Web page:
I believe that many religious people believe that talking to spiritual leaders, seeking spiritual blessings, and finding comfort through the priesthood will cure mental illness. Let me start off by saying that these are important parts of dealing with mental illness; they are not cures.
I think this myth is really a sub-myth of the “get over it” myth we talked about last time. It carries the implication that someone else will solve your problem or that you can just kind of work it out. If only that were possible. I also think this is an unfortunate side effect of “hyper-faith.” In a religion such as my own, we truly do believe in and accept the extraordinary power of God. Sometimes that hyper-faith gets in the way of understanding that God’s blessings can be effected by other people.
Quoting from Elder Alexander B. Morrison:
Christ said, “Come unto me, all ye that labor and are heavy laden.” He, and only He, has access to the healing Balm of Gilead needed by all God’s children. However, without denigrating the unique role of the priesthood, may I suggest that spiritual leaders are not mental health professionals. Almost all of them lack the skills and training to deal effectively with mental illness.
God has given us wondrous knowledge and technology that can help us overcome grievous problems such as mental illness. Just as we would not hesitate to consult a physician about cancer, so too we should not hesitate to obtain professional help when dealing with mental illness.
To make it perfectly clear: I believe in Christ, and I believe in His omnipotence. I do believe that He can completely heal any malady or affliction we may face. However, we face our trials for specific reasons, and I cannot ignore the idea that mental illness is one of those lessons some people must face. But I forget myself….
Moving back to the myth, remember that most priesthood leaders are not professionals in this area. The church is becoming more experienced and aware of these issues, and training resources are consistently more available, but they are not yet perfect nor as complete as they will one day be. Most church leaders now receive monthly training on dealing with common issues such as mental illness, and that will only improve things.
The following is a story shared with me by one of my contributors who suffered from a particular harsh episode of depression:
At my husband’s insistence, I approached the bishop about counseling through LDS Family Services. I don’t know if the bishop knew how to handle me either, but he was honest about it and told me what I needed to do in order to contact the right people. He also told me that he believed my depression wasn’t caused by sin, that it was a real, physical problem that needed treatment, and that he would do what he needed to do to see that I got that help.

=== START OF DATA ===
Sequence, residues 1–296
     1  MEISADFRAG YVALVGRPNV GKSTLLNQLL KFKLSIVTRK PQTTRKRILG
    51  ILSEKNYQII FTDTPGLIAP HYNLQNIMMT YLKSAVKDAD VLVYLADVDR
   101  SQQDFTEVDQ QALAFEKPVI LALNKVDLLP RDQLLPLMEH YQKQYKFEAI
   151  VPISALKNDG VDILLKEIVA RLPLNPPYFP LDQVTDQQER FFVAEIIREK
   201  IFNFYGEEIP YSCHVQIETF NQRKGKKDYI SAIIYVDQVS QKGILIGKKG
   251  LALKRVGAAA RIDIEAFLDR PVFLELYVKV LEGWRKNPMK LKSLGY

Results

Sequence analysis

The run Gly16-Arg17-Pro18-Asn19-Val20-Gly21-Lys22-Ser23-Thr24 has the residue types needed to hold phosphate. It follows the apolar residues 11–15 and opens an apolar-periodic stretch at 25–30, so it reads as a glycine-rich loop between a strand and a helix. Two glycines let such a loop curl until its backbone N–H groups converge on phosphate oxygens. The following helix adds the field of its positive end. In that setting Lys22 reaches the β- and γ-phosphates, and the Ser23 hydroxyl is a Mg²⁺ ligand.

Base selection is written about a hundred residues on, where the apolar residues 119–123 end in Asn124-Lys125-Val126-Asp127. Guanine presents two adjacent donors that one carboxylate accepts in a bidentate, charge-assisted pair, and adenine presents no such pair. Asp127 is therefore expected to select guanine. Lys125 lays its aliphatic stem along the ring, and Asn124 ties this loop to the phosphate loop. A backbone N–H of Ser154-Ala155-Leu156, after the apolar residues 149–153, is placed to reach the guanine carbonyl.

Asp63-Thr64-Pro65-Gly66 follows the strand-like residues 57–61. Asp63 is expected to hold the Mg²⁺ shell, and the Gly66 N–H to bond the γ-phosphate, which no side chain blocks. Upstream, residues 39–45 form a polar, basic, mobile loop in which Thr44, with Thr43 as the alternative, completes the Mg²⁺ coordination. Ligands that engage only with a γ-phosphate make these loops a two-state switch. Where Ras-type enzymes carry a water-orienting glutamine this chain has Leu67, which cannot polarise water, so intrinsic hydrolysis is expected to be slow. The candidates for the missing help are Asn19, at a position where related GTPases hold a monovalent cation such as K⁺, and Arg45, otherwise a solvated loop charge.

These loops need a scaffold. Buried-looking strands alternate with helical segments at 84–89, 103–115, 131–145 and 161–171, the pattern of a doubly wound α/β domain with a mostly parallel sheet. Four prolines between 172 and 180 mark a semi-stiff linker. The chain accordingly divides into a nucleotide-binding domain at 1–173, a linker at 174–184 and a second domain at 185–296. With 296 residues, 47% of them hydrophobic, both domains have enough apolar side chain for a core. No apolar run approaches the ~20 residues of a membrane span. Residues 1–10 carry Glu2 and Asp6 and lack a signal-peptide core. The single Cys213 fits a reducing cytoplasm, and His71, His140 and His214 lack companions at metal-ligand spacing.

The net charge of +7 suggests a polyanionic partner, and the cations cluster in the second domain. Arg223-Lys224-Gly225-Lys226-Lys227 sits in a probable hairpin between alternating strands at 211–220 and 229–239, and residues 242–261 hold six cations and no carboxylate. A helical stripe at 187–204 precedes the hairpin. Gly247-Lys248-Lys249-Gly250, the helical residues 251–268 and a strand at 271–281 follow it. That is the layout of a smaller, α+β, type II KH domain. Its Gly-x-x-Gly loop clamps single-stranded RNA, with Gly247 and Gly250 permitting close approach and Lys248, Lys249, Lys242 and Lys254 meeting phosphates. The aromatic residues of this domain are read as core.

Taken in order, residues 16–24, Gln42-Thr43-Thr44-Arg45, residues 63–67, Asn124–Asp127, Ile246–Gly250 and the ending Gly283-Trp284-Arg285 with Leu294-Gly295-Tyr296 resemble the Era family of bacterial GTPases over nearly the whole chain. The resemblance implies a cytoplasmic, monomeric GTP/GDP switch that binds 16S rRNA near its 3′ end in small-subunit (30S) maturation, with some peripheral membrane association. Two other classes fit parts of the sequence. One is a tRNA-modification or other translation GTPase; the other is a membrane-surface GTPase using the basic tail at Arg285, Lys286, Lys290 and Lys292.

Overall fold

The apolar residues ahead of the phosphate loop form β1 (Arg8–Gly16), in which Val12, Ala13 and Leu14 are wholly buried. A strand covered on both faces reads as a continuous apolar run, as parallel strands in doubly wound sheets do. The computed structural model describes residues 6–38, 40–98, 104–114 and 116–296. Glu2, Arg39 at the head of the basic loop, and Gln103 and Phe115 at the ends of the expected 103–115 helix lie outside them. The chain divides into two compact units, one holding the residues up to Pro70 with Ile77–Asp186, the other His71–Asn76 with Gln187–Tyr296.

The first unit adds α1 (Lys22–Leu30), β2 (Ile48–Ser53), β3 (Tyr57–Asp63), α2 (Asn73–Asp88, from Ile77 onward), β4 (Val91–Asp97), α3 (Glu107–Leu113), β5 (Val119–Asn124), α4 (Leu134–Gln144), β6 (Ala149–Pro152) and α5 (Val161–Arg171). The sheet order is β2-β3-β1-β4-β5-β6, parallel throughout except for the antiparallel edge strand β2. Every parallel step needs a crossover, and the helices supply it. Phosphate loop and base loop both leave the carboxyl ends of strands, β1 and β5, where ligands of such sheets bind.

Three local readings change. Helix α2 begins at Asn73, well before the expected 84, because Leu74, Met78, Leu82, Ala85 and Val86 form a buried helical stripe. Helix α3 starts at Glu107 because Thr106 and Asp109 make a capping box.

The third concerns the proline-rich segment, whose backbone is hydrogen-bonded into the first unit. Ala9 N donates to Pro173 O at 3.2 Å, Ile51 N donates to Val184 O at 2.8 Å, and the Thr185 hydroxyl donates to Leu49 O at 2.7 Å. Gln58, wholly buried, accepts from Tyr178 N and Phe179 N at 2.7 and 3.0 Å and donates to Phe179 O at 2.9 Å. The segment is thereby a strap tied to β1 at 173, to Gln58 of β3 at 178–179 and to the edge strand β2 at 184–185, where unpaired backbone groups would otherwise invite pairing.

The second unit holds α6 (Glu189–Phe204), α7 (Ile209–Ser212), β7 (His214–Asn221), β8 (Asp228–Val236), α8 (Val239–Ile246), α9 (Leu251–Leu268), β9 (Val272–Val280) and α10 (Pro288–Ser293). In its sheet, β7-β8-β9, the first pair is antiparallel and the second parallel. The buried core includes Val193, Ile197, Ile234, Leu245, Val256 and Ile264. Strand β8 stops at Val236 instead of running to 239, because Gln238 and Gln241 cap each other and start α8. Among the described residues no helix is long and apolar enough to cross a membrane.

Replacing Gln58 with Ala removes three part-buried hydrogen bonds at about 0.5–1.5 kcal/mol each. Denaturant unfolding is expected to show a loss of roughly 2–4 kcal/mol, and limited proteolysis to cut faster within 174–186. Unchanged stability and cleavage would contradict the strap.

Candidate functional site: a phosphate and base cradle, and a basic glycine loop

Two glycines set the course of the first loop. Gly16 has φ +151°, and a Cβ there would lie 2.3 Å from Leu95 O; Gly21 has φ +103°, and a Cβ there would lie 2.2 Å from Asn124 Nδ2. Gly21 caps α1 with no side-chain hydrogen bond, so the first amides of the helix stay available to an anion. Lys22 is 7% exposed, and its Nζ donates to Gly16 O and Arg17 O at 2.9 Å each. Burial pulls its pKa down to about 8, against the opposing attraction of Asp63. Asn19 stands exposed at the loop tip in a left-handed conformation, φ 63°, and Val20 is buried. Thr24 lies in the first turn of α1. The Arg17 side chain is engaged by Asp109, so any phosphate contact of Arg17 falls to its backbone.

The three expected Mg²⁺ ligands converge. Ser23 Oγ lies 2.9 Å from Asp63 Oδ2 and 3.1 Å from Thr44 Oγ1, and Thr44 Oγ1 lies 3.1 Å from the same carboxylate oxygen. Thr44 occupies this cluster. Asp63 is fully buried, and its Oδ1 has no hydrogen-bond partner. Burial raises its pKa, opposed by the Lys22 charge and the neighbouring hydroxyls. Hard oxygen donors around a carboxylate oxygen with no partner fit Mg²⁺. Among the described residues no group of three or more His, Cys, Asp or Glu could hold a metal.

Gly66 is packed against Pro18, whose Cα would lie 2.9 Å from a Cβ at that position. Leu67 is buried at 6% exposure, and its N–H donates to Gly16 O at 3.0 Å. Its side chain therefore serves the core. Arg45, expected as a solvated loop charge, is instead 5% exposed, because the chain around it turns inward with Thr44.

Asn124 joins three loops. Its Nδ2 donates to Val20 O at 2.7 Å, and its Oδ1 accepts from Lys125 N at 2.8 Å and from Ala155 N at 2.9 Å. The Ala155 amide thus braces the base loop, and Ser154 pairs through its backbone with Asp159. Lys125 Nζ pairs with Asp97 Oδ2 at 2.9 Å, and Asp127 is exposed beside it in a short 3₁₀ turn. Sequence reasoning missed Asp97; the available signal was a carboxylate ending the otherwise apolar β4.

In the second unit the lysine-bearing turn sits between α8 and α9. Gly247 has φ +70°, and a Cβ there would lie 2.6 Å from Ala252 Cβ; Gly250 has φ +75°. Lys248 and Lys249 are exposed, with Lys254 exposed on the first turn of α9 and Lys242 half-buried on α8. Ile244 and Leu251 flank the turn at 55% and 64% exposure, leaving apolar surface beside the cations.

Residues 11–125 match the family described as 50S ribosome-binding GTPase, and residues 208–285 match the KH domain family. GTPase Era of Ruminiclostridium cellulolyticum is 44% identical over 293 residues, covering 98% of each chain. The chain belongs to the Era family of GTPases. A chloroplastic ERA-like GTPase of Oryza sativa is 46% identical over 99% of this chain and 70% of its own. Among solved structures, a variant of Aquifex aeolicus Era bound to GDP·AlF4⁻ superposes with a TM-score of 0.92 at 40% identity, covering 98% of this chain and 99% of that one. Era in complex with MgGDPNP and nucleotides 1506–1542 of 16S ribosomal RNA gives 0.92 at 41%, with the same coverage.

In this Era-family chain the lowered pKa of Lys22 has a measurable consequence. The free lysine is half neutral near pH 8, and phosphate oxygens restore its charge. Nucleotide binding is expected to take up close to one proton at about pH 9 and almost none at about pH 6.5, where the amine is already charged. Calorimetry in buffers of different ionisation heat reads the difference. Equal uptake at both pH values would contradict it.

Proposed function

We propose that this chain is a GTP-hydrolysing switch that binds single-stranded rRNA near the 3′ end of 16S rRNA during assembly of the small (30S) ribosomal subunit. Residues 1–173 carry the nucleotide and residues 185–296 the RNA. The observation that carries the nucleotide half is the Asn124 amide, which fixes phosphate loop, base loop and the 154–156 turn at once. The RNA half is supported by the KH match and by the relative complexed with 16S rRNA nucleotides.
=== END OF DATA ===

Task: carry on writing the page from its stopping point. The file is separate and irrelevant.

He also acknowledged that just reading the scriptures, praying, or even asking for a blessing wouldn’t “cure” this, which was reassuring to me. It meant that I wasn’t being punished for something that I had or hadn’t done. This was a problem as real as heart disease and needed professional help.
It took months of professional counseling, stopping one medication and being put on another before we started to see an improvement in my moods and behavior. It wasn’t a fast recovery either. This was literally a day-by-day, fighting for improvement with every step, every moment of every day, type of recovery. I’d do better and then some days I regressed and I’d have to fight even harder to regain the ground I had lost. It truly was a process and a learning experience.
The truth of the matter is that the spiritual side of dealing with mental illness is an important part of the cure, but it probably will not be the cure. Just as I believe that God can heal mental illness, I also believe that He has provided the means by inspiring men and women with ideas and methods of treatment. And I think that Elder Morrison nailed it on the head: Surely we would seek the assistance of a professional with serious illnesses like cancer. Mental illness is a serious illness, and it needs to be treated as such.
I’ve always found comfort in the “after all we can do” principle. I’ve yet to go through an experience where the Lord did not pick up the slack after all I could do. While blessings, the priesthood, and priesthood leaders are surely a part of “all we can do,” so is counseling, medication, and other forms of professional help.